Cognition Without a Cortex

Neuroscientist Onur Güntürkün on mammalian brain, ravens’ ability to plan into future and why birds are so intelligent

videos | March 6, 2020

I am a mammal. You are a mammal. Everybody here, in this room, is a mammal and possibly many people watching this video are mammals. I am very happy to be a mammal: who wants to be a toad, or a fish, or a worm? We, mammals, are very successful animals. We, mammals, captured the whole globe: wherever you go on this earth you will see mammals. You will see them in the Arctic, you will see them in the sea, in the jungle, in the woods and in the water. And wherever we, mammals, are we are very successful.

Why are we so successful? The reason is possibly very simple: we, mammals, are very smart animals. Our intelligence is a function of our brain, and the mammalian brain is a very different one from the brains of birds, frogs, reptiles and fish. As you possibly know, only we, mammals, have a cortex. The cortex is a fantastic structure of our brain: if you look at the mammalian brain and take a little bit out of it you’ll see that this cortex is divided into different layers, six layers altogether, and that there are different neurons specialized to do different jobs in the cortex. No other vertebrate has such a brain.

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The cortex is a fantastic machine because of one architectural feature. All information comes in vertically arranged, so that each nerve cell along that vertical path receives the same kind of information, but each cell processes this information in a different way. When you see a specific color, hear a specific sound, feel a specific touch on your skin, it is analyzed in all details along the vertical dimension. All of this information is then exchanged horizontally with all of the other areas of the brain. You have a vertical arrangement with detailed analysis and a horizontal exchange of information. This is the machine of thinking. I have it, you have it, and this is the reason why we, mammals, are so smart.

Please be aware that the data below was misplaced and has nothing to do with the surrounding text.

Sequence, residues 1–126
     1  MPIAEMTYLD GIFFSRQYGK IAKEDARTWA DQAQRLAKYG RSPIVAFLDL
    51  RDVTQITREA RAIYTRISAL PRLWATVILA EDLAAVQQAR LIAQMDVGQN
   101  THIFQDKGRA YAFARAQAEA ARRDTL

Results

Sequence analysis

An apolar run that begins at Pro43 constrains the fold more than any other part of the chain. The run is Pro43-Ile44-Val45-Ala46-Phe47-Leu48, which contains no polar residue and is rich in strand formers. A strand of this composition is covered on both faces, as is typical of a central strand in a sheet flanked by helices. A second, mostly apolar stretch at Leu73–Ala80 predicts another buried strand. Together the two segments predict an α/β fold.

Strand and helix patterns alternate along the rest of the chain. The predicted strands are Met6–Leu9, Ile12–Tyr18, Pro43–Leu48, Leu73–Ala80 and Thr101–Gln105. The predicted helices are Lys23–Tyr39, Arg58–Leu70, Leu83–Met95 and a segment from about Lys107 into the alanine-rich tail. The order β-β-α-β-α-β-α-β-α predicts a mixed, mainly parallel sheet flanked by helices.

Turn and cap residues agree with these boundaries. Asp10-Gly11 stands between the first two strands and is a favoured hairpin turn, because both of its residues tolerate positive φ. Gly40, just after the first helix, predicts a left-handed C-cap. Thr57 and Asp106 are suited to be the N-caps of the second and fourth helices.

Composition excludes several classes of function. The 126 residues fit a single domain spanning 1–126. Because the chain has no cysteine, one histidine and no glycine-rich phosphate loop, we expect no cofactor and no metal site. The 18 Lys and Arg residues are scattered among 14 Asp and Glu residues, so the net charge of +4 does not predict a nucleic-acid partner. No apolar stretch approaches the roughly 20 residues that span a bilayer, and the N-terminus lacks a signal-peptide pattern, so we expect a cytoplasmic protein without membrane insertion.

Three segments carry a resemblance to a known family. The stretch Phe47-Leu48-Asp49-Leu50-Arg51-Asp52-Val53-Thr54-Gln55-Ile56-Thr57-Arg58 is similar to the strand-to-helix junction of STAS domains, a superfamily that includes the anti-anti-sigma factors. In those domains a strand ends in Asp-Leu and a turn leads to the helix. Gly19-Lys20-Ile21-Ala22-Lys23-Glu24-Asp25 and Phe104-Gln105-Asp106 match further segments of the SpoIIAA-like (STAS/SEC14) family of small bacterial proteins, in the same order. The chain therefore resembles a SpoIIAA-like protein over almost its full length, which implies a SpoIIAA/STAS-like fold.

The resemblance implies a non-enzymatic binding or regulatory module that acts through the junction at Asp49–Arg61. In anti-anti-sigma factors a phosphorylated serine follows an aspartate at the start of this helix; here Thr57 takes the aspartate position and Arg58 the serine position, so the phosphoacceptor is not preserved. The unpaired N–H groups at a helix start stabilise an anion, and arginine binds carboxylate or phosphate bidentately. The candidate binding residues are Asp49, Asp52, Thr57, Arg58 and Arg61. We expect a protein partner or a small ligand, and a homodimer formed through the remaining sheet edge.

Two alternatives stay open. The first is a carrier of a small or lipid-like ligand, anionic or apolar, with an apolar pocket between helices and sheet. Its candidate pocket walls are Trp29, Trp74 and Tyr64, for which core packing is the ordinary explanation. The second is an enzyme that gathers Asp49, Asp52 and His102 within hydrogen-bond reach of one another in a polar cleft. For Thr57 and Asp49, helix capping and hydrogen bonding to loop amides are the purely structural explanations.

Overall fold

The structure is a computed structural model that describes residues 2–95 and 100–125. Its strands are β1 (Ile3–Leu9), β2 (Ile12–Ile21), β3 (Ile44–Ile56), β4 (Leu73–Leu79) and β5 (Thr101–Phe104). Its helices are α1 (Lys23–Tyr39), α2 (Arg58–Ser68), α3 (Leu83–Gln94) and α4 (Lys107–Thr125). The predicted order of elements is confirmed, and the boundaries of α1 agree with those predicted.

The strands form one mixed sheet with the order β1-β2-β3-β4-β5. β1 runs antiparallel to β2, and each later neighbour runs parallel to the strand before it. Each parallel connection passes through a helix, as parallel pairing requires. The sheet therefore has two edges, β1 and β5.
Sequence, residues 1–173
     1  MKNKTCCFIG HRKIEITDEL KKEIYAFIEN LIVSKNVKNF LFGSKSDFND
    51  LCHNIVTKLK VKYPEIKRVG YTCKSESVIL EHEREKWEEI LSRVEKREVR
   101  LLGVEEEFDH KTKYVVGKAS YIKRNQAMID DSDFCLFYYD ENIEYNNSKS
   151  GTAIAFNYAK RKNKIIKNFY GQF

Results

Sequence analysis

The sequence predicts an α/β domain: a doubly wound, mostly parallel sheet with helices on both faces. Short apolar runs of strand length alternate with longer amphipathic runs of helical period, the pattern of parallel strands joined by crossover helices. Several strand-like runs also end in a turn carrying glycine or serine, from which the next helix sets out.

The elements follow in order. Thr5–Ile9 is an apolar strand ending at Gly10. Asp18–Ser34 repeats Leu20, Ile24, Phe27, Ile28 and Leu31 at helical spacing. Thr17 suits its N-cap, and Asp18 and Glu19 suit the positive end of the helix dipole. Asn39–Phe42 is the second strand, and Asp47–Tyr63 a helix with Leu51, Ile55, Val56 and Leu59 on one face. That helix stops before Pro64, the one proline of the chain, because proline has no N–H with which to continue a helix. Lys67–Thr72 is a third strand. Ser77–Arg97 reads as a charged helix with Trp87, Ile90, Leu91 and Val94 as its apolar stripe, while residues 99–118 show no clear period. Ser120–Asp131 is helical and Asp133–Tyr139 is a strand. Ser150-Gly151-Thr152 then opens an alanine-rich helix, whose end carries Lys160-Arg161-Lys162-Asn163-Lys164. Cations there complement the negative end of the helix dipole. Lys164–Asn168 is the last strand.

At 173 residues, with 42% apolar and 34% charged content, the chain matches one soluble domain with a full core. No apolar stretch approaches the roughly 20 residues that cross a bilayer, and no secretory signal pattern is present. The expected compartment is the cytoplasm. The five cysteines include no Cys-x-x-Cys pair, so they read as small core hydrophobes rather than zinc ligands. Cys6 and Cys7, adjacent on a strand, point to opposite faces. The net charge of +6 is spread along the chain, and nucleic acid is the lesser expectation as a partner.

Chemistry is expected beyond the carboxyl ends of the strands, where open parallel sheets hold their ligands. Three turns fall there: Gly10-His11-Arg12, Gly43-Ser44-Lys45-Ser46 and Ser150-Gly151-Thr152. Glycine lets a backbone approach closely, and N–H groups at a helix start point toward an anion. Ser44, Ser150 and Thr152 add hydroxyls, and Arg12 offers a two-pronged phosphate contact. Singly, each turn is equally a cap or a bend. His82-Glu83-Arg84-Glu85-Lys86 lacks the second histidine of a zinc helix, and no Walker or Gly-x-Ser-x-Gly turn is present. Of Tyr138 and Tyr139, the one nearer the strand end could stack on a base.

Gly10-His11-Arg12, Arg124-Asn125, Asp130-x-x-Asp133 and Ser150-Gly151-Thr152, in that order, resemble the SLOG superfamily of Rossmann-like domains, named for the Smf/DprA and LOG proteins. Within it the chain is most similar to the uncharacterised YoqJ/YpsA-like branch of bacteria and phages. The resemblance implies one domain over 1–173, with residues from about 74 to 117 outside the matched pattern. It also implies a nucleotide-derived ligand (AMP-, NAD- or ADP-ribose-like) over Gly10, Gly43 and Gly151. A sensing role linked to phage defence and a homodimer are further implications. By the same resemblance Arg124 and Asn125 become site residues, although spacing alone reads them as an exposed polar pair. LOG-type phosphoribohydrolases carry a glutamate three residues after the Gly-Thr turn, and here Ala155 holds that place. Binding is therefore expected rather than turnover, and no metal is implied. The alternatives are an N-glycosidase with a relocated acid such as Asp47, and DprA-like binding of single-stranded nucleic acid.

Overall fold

This is a theory that emerged about a hundred years ago and since hundred years we believe that this is true, but I will tell you now that this is wrong. Why is this wrong? Because this theory has a certain implication which is that an animal without such a cortex should not be able to be smart because this is the only arrangement that makes animals smart. This is position one of this old theory, but there is a second position: brains have to have a cortex and they have to be large. Our brain is about 1.3 kilogram: it’s a big brain. Most other animals (for example, birds) have very small brains of 5 grams, 2 grams, 10 grams, and they have no cortex, so birds, for example, should not be able to be so intelligent.

And now we have a problem: birds are as smart as we, mammals. Take, for example, crows and ravens. Ravens can plan into the future as good as chimpanzees do. They can combine information logically as good as chimpanzees do. Let’s take another task: are you able to inhibit your motives? What do I mean by that? For example, let’s take two different kinds of food, the one that I like and the one for which I’m crazy. I like the first one but not as much as the second one. Now, I give the animal (a raven, for example) the first kind of food, and the animal has learned that it has to look at that without eating it. It looks, and looks, and looks, and it is not allowed to eat it. How long will the animal be able to constrain itself from eating? Ravens can do that for about ten minutes. When they wait ten minutes, they get the better food and they eat it. Chimpanzees can do that for four minutes only. Grey parrots can do that for fifteen minutes. Our children cannot do that for fifteen minutes.